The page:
Except as provided by treaty, the estate of a nonresident alien (NRA) is taxed on the transfer of property situated or deemed situated in the United States. Tax rates are the same as for US citizens and residents, but the exemption amount has generally been only $60,000 for NRAs, while the exemption amount for US residents or citizens was as high as $3.5 million in 2009.
As of 1 January 2010, the estate tax has been repealed for estates of decedents dying in 2010, and this repeal applies to NRAs as well as to US citizens and residents. This repeal is of little comfort to NRAs investing in US property, however, because the estate tax is scheduled to return in 2011, with graduated rates topping out at 55%. Furthermore, there is also a chance that the US Congress will reinstate the estate tax for 2010.
Property of NRAs subject to US estate tax includes real property located in the US, as well as stock of corporations organized in the US, although some treaties, including the US/UK Treaty, exempt stocks of US corporations from US taxation. To illustrate how onerous the estate tax can be, under current law, the estate of a UK citizen residing in the UK, who dies in 2011 or after, owning a Manhattan apartment worth say US$ 4 million, will be exposed to approximately US$ 1.8 million in United States estate taxes. This does not even take into account the rather substantial estate tax that would be imposed by New York State.
Although the impact of this tax would be partially offset by a credit under UK law for inheritance tax purposes, the overall tax burden would still be higher than the 40% UK rate. And for citizens of those countries who have abolished estate duty (inheritance tax) or reduced the rates of such taxes to fairly minimal levels, the US maximum federal level of 55% will be a very unwelcome surprise to the decedent’s heirs.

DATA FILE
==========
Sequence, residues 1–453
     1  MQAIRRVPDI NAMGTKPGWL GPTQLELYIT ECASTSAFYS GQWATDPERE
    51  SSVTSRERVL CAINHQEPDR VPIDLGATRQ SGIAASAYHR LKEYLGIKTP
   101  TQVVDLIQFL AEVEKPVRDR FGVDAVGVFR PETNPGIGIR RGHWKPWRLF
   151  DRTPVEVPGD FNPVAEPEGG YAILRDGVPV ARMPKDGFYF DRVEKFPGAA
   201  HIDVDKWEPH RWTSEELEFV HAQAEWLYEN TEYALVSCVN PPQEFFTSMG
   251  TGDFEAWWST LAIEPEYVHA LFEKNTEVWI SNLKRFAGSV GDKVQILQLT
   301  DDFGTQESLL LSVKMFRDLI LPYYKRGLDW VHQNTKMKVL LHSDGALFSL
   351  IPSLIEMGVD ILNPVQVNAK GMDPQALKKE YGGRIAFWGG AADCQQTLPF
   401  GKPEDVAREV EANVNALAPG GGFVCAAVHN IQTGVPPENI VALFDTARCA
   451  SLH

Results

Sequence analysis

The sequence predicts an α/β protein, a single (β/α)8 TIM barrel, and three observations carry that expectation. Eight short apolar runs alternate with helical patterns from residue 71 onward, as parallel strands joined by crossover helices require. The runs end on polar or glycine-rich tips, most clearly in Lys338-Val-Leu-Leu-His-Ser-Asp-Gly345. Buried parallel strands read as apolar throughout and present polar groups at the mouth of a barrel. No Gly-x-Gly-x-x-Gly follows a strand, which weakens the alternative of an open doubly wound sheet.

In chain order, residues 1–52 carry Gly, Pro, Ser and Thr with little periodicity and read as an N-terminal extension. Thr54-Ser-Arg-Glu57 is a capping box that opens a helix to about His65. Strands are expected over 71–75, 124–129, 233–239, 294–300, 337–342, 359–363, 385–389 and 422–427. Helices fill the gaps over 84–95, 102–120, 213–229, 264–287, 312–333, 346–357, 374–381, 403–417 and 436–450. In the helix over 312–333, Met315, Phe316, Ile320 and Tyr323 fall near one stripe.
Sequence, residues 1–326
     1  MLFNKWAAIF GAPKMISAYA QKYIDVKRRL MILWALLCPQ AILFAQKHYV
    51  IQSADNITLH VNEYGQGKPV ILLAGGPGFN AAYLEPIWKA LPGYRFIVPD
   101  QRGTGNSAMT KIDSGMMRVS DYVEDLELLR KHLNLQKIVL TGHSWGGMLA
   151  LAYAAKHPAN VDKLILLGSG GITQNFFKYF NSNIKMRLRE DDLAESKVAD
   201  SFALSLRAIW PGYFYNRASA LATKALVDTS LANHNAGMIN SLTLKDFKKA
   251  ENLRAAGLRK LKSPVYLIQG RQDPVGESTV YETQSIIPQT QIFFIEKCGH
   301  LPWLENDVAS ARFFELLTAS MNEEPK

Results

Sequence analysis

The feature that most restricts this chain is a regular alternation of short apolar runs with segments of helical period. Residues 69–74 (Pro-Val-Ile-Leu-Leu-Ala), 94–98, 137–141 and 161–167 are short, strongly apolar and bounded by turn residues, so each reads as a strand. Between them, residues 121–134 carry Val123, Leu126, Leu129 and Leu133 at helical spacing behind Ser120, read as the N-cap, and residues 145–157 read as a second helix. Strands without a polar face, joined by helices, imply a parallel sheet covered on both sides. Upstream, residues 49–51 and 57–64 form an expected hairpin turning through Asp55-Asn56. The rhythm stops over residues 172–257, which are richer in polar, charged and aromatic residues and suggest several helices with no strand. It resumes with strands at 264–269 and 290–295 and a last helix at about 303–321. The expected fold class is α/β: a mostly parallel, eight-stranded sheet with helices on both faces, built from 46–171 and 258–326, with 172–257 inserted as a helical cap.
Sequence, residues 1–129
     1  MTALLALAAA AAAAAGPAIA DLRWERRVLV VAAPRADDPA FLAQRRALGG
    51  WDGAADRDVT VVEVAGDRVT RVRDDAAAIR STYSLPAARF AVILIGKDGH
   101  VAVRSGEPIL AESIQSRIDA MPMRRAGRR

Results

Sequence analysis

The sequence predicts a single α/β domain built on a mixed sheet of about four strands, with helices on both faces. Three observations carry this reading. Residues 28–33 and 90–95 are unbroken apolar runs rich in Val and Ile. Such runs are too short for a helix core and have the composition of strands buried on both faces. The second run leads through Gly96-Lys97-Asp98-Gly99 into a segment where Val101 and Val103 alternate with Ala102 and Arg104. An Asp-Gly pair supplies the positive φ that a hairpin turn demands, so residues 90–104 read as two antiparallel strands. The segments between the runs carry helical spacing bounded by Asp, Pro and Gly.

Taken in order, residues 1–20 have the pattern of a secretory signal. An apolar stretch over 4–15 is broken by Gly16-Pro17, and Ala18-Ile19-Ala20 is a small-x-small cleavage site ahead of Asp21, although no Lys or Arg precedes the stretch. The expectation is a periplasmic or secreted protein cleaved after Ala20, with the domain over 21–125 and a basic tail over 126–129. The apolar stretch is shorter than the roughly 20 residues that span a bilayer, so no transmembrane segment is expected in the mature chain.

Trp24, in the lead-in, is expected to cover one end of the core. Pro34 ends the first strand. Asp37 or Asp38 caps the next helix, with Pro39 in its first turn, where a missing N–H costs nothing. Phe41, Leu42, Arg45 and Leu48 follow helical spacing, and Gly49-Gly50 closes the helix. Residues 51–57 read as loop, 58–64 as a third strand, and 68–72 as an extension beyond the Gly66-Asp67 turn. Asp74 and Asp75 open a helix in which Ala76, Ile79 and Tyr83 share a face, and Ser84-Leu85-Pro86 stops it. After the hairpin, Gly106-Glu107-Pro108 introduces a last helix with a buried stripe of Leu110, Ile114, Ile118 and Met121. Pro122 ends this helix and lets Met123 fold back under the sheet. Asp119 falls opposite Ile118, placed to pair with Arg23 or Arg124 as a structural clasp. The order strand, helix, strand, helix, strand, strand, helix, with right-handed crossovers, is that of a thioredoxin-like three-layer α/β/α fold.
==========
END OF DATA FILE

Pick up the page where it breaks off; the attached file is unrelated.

Foreign individuals often purchase US real estate through a US corporation for ease of acquisition, not realising that stock of a US corporation is a US situs asset for estate duty purposes. They would be better advised therefore to hold US situs assets, whether real estate itself or a US corporation owning the real estate, through a properly structured and properly operated off-shore foreign corporation. The offshore corporation may be formed in a tax haven, such as Bermuda or the Netherlands Antilles. Thus on their death, the asset that passes to their heirs will be foreign situs rather than US. To further enhance the tax benefits, a revocable discretionary trust is sometimes created to own the offshore corporation. This will generally serve to avoid a probate proceeding in the country of residence of the individual at his or her death.
Alternative minimum tax (AMT)
There has probably never been a better case for limiting the ability of taxpayers to avoid tax on current profits through using tax shelters or other deductions, including bringing forward past losses. Increasing tax rates at this stage of the fragile global recovery would be a disincentive to entrepreneurial risk-taking (something which the UK Chancellor of the Exchequer has astonishingly ignored with the new 50% tax rate). However, limiting the ability to offset past losses would affect a relatively small number of taxpayers, yet could significantly increase tax revenues on earnings once the economic cycle gains momentum.